# What polarizes a rainbow?

What polarizes the light from a rainbow. I already did some search and couldn't get a clear answer. All I could find was the light is polarized on the direction light is entering. What happens to the remaining light? Or more specifically, if an light polarized perpendicular to this direction, enters a medium of different density does it gets refracted, or it passes through as it is or gets blocked completely?

• When light is reflected (at any angle other than 90º) from an air-water surface the coefficient of reflection (and therefore transmission as well) is different for light polarised parallel and perpendicular to the surface. That's why polarised sunglasses can remove some of the reflections from lakes or the sea. exactly how it happens for rainbows I don't know, but since a rainbow is formed when light is scattered by water droplets it seems reasonable that some polatisation will result. Commented Jan 3, 2015 at 10:44
• @JohnRennie yes the varying coefficient of reflection answers it. The answer by vaaaal also gives the explanation for this. Commented Jan 3, 2015 at 21:47

In the case of rain droplets, where the size of the drop is much larger than the wavelength of visible light, the effects you see can be described in terms of the familiar concepts of refraction, reflection and diffraction. The rainbow is generated by different colors being refracted at slightly different angles as they enter the drop, reflecting off the back of the drop and then being refracted again as they exit the drop (see this diagram). The reflection part of this is what leads to the polarization of the rainbow. When light transitions between two optically different mediums some of the light is transmitted and some is reflected, with the polarization component parallel to the surface being more strongly reflected (see this diagram). This leads to a preference for one polarization orientation for the light leaving the back of the drop and a preference for an orthogonal orientation for the light passing through the drop.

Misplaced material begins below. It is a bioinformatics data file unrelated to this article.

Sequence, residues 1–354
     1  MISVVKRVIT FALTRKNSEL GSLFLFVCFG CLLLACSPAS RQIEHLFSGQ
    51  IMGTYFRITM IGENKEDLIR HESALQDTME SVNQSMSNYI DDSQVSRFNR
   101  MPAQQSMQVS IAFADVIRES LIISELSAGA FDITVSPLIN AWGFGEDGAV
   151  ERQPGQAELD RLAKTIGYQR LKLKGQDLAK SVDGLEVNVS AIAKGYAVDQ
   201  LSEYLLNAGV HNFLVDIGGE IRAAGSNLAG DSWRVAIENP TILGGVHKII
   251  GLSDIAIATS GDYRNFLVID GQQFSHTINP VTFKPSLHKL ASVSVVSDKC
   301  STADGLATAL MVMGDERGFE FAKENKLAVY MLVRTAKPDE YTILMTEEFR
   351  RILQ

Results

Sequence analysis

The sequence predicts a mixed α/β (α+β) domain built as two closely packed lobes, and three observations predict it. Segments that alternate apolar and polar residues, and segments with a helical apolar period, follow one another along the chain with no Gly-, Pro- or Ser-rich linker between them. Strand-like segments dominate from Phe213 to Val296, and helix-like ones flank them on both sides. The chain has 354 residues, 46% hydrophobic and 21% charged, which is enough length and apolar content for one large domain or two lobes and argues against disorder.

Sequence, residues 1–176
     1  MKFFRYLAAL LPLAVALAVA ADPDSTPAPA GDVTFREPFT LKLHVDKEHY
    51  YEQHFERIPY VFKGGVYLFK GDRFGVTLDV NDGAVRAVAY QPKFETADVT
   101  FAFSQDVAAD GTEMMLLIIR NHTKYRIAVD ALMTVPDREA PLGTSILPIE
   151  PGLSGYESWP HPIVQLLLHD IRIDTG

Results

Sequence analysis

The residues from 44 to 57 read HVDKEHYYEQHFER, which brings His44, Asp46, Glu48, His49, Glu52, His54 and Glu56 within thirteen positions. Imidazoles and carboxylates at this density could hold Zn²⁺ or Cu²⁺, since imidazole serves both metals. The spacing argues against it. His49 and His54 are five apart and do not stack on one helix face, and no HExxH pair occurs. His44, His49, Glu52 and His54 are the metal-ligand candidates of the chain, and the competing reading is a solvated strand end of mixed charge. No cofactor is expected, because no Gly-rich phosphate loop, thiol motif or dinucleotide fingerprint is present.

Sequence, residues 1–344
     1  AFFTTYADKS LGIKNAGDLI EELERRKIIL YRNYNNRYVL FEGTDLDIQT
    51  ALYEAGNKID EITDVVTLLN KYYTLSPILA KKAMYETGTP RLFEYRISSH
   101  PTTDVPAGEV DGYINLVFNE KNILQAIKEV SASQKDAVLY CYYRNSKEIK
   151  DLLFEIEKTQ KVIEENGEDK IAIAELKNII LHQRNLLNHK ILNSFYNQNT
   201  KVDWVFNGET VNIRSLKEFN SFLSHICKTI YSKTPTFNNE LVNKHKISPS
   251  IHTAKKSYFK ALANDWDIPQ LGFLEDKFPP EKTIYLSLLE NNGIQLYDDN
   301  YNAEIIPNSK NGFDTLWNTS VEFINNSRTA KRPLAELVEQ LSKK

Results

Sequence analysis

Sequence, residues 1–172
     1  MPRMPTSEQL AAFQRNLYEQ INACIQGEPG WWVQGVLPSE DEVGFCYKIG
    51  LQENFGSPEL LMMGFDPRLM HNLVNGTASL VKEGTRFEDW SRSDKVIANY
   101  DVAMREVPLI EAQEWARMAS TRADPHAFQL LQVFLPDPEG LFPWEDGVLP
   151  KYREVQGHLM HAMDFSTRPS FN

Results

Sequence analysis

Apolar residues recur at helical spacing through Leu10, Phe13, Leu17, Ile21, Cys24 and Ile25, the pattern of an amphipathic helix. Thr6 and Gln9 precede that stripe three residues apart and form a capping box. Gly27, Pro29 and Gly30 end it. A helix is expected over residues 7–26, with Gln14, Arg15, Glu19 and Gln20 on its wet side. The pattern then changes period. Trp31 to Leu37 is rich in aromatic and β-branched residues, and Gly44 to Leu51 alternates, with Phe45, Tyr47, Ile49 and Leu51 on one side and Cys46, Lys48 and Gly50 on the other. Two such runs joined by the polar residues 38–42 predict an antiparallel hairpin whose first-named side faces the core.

If you are wondering why there is a preferred polarization I would suggest you look into Fresnell's Eqautions but conceptually the idea is basically just that the polarization component parallel to the surface interacts the least with the medium.

• I think the fact of having varying reflection coefficients from Fresnell's equation explains the polarization. Commented Jan 3, 2015 at 20:07

The first diagram red vaaaal listed, unfortunately, is one of the leading causes of misunderstanding how rainbows are formed. It isn't wrong, but it suggests that red light is deflected exclusively at 42°, and that each color has its own exclusive angle.

But it is easy to see, if you look, that light that is originally headed straight for the center of the drop will not have the colors separate, and will deflect at 0°. And that the light between the centered ray, and the one shown, can have red light deflected at any angle between 0° and 42°.

What actually causes the rainbow, is that there are more incident rays that produce deflected red rays near 42° than any other deflected angle. The fact that violet is above red in the diagram is not relevant; the fact that violet has its similar maximum concentration at 40° is what is relevant.

What polarizes the light in the colored arc of the rainbow, is that the internal reflection angles where this concentration occurs also happens, by coincidence, to be close to Brewster's Angle. That's where only perpendicularly polarized light reflects.